What does it take to have a shamanic experience?
Just show up, some say.
But show up how? For what? To whom?
It may seem odd to illustrate these thoughts
with images of a sailboat, but keep going.
The first requirement of showing up is willingness to change,
without being in control of where that change might lead.
The single most significant skill we can bring to showing up is trust.
Trust in the skill of others we don’t know.
Sometimes, trust in small gestures.
As it is, regularly, the small gesture upon which turns
the largest moments of safety and revelation.
Trust in procedures that mystify.
Always, trust in outcomes we cannot imagine.
This trust finds a myriad of forms: the clarification of a dream, the recognition that a phrase in a book is actually instruction for something else entirely,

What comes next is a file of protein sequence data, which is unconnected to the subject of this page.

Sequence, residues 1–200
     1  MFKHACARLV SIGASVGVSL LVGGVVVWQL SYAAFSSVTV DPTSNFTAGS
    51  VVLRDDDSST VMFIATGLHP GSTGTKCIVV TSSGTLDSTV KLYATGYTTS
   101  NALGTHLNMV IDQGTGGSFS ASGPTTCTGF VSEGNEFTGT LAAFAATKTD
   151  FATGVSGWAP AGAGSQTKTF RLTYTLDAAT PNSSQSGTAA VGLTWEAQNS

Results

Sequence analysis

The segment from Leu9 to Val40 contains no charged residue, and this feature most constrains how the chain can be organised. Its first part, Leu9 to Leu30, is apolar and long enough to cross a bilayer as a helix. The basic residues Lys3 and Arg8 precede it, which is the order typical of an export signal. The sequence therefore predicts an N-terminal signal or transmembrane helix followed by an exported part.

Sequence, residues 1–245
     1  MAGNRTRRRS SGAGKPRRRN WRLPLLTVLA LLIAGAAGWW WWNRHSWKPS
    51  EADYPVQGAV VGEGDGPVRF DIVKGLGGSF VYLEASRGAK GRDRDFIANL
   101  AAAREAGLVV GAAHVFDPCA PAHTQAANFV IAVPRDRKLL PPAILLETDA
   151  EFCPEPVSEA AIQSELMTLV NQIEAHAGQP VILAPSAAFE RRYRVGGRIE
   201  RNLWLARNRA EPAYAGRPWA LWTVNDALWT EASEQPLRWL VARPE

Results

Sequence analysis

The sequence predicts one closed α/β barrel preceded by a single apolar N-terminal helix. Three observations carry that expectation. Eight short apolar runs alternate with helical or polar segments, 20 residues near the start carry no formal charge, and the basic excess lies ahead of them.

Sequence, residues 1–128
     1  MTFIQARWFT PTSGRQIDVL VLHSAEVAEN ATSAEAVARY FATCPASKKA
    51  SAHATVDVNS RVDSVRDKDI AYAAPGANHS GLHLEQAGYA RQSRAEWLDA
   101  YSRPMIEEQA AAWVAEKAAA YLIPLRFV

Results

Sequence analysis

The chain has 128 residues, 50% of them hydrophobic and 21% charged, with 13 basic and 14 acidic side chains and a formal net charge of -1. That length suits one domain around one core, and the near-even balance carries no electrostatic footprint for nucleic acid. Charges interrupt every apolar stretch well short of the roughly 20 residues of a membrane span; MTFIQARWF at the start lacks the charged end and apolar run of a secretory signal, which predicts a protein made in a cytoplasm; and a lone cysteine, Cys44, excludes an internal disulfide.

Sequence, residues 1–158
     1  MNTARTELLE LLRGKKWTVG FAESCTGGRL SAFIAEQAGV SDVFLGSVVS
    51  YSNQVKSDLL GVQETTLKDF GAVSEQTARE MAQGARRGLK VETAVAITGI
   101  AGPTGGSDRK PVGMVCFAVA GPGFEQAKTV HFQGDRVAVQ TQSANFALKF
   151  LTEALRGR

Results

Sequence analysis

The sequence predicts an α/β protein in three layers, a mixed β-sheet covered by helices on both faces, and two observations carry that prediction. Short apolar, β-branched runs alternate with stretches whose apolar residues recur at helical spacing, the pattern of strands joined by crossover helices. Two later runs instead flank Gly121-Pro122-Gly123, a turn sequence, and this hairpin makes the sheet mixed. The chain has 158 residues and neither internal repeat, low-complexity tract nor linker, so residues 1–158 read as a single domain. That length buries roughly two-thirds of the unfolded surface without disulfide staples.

a sensation of good fit between the flight of a bird and a thought just pondered,
a resolve to keep going because understanding is complicated,
rather than because it is straightforward.
But why show up at all? For what? What is a shamanic experience?
To me, it is a transformative moment when I enter into a larger than human awareness. Not vertically better-than or worse-than being human,
but laterally bigger than my usual mental and emotional state.
I understand I am showing up to my elder sisters and brothers–all of life that was here first—the plants, animals, birds, rocks, clouds, the wind. And just like with my human acquaintances, it is best if I am not trying to fix or help or require anything, unless I am shown something is needed.
This showing up is not idle curiosity. It requires a commitment to purposeful attention. I have to keep going until talking to a stone, or receiving oracle messages in a dream, is normal rather than unbelievable. Like sailing is not just slating about, drifting wherever the wind wills. It is an continuously active attention to the presence, direction and speed of something unseen.
When we keep showing up we learn the language
of our other-than-human relations, of the wind,
and we get to keep going together
into the mystery of who we really are.